Young people in the Netherlands support the commemoration of the war dead on May 4, but want to see more recognition for the victims of wars in other countries, the latest annual survey of national attitudes has found.
The National 4 and 5 May Committee, which supervises the events to mark the national day of remembrance and Liberation Day, said Dutch people valued the low-key tone of the commemorations and did not want to make them more ceremonial.
Overall 94% of people appreciated the two minutes’ silence on May 4, while 88% backed hanging the national flag at half mast and 86% approved of playing the national anthem.
A growing number said the commemorations should be extended to cover the war dead of all nationalities, a suggestion that has caused controversy in previous years.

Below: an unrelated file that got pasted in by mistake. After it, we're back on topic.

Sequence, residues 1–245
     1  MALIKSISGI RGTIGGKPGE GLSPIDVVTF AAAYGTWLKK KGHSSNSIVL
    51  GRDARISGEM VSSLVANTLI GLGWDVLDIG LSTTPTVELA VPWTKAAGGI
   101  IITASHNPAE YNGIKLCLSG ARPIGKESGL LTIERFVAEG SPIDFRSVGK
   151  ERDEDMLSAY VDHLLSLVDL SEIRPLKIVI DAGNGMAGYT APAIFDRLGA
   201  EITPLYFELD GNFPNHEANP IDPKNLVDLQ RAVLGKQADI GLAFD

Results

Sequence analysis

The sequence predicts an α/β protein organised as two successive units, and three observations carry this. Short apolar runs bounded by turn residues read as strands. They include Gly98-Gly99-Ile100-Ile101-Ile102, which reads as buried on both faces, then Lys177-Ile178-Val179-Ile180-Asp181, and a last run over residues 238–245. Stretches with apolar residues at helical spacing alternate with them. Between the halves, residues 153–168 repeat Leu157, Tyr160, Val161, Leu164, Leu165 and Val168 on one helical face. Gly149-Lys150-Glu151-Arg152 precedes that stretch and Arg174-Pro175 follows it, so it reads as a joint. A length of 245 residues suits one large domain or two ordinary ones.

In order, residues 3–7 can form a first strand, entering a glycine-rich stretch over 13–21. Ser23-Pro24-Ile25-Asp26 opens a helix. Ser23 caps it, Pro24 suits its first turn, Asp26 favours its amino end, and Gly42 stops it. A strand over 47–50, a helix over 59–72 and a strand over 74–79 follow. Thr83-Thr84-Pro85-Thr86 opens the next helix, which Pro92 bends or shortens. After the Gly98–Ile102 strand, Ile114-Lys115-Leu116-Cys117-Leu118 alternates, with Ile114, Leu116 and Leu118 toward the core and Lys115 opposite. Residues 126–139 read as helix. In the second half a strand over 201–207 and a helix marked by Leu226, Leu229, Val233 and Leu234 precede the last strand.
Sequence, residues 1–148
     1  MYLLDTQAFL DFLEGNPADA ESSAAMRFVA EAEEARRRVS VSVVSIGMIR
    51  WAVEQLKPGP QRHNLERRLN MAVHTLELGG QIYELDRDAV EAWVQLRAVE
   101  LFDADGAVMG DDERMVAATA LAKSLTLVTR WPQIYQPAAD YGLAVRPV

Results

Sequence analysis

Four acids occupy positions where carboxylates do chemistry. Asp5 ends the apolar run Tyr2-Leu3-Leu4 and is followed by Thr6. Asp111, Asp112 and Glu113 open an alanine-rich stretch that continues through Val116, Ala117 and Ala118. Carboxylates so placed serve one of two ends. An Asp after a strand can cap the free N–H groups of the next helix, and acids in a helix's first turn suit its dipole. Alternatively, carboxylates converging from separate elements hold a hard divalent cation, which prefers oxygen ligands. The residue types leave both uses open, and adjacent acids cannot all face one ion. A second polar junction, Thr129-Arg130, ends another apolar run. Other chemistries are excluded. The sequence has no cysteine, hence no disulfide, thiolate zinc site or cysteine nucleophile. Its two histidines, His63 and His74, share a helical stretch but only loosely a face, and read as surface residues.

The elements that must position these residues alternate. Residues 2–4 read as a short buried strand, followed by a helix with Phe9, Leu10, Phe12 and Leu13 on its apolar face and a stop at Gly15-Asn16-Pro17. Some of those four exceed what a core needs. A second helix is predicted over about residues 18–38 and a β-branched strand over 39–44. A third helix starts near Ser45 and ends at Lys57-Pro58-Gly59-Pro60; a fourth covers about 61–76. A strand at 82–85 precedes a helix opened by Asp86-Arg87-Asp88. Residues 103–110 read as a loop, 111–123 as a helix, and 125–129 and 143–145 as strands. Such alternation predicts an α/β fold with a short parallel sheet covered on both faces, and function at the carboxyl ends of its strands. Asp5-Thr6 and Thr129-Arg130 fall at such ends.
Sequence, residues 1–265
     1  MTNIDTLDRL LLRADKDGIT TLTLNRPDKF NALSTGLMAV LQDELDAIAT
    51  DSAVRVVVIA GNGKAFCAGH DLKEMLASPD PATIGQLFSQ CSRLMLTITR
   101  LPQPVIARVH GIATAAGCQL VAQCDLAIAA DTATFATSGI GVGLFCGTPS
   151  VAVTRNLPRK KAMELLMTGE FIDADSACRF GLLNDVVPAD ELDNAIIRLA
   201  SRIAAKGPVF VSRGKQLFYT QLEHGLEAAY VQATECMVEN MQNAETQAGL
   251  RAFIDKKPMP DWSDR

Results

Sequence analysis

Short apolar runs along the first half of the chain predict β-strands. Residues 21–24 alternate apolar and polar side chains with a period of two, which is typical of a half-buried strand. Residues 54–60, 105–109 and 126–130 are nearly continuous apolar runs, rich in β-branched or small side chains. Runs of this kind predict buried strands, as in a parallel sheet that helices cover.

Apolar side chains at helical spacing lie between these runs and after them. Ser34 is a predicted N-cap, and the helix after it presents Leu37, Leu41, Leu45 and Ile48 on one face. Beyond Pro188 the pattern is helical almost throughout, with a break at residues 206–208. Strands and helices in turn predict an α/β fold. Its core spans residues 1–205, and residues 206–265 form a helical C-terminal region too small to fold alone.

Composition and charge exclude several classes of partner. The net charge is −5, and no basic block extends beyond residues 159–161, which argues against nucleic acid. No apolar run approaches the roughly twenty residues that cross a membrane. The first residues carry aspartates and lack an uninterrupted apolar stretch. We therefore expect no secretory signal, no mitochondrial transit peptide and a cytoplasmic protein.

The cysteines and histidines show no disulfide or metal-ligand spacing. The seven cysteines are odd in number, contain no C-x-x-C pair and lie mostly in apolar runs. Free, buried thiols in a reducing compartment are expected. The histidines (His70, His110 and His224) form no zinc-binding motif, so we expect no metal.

The proportion rose to 21% from 16% last year, while the number who believe only Dutch victims should be recognised has fallen from 18% to 12%. Overall 29% believe the event should mark fallen soldiers in all conflicts, not just the Second World War.
‘Our research shows that the current solemn form of remembrance and celebration and the rituals that go with it are greatly valued by young and old people alike,’ said committee chair Gerdi Verbeet. What we also see is that the view of war and the commemoration of its victims is becoming increasingly international.’
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